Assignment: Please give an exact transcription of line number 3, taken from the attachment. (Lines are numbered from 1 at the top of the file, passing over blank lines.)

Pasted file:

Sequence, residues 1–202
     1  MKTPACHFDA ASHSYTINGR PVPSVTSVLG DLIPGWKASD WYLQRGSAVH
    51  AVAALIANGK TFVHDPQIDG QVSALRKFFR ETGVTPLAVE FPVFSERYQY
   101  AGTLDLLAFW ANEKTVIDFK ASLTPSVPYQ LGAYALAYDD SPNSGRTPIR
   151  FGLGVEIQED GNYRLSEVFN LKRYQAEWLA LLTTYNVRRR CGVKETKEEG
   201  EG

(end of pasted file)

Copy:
    51  AVAALIANGK TFVHDPQIDG QVSALRKFFR ETGVTPLAVE FPVFSERYQY